This is great for throughput, but sometimes moving on immediately isn’t what you want. Consider:
- What if the file write fails?
- What if the file content is the result of a complex streaming transformation and you need to report any exceptions?
- What if you need to trigger an upload of the file once it has finished being written?
You can’t do any of those things unless your flow blocks and waits. We can make this happen by simply turning off that pesky dispatcher thread pool, instead forcing the flow thread to write the file.
To do this we need to explicitly create a
<file:connector> element (Mule will implicitly create and use a default File connector unless we tell it otherwise).
<file:connector name="synchronous-file-connector"> <dispatcher-threading-profile doThreading="false"/> </file:connector>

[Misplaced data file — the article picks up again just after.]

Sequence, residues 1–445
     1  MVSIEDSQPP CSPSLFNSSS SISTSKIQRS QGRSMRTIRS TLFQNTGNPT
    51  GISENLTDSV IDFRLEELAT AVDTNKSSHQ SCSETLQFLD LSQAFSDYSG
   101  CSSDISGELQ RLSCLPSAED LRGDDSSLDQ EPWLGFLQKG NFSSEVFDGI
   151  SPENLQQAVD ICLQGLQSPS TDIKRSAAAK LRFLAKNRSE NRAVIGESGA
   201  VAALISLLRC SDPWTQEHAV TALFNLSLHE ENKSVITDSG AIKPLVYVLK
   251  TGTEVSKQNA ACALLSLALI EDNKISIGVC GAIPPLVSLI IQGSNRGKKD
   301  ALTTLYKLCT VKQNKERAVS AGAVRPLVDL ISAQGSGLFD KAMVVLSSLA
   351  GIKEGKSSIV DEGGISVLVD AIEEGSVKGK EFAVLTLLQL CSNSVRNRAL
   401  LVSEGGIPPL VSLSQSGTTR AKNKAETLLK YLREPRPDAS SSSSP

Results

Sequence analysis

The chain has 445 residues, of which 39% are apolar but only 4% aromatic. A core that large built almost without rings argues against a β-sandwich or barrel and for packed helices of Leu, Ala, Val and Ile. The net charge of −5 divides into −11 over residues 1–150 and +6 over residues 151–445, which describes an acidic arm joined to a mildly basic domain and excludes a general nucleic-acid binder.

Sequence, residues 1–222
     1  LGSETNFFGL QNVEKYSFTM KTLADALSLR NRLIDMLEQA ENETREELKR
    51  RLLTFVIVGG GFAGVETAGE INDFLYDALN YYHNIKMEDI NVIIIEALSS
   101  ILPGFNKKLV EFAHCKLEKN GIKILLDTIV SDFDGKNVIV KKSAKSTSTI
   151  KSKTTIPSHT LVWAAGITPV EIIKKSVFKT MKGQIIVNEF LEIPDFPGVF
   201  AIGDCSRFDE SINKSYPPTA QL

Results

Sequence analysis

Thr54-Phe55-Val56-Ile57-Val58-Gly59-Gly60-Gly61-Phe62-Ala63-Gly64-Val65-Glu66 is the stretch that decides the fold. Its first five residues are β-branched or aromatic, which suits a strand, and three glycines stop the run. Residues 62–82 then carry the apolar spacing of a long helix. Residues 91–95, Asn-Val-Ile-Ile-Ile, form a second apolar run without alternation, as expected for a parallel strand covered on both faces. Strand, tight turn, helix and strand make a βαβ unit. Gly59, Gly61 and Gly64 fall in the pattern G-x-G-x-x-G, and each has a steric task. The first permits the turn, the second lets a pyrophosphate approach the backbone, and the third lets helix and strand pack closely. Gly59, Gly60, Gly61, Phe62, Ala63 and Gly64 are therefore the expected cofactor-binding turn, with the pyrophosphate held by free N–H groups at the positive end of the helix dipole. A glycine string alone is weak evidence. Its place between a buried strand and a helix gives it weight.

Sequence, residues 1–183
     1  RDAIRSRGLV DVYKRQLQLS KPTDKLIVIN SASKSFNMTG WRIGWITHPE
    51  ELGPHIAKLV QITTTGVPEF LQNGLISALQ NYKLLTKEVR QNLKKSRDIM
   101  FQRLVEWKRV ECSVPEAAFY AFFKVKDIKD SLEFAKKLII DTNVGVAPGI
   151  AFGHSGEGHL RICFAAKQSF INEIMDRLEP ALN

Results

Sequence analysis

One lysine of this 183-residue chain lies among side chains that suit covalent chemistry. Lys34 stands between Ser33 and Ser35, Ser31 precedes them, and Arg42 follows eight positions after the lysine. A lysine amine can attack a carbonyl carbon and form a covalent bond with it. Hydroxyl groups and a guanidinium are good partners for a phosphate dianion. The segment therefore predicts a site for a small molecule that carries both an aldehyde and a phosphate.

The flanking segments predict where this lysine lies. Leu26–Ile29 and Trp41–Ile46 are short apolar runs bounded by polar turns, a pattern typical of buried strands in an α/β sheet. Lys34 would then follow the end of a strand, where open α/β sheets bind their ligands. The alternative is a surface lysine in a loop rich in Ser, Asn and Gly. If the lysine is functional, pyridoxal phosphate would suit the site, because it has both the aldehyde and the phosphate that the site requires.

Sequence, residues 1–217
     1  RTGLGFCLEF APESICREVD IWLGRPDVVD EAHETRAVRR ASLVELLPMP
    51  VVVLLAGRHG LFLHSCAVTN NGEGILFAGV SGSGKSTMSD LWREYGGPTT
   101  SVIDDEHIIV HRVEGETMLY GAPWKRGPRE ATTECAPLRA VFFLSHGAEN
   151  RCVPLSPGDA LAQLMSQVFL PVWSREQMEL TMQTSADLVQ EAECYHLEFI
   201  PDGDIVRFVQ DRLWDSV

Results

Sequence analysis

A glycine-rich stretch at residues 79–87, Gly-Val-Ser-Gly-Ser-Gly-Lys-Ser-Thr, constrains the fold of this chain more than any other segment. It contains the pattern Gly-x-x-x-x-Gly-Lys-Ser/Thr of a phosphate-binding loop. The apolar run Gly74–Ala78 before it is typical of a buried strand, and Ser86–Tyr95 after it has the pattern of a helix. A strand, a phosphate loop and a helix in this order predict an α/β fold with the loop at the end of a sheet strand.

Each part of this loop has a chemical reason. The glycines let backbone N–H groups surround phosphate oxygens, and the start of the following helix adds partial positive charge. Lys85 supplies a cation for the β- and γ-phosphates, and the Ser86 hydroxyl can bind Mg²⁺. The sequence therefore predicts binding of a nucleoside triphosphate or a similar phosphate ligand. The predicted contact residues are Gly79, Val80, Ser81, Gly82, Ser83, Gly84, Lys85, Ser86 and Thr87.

doThreading="false" attribute tells Mule to create a special thread pool with no actual threads in it. When a flow tries to write a file there will be no thread to hand off the I/O work to. Instead the flow thread itself will execute the file dispatcher code and not progress to the next flow step until the file write is completed.
We can then reference our synchronous connector in our flows:
<flow> <!-- Flow steps --> <file:outbound-endpoint path="/var/data" outputPattern="important.csv" connector-ref="synchronous-file-connector" /> <!-- More flow steps --> </flow>
The same concept applies to polling for inbound files, although in the inbound case thread control is not so important because the file receiver is doing so little work (just opening a FileInputStream essentially).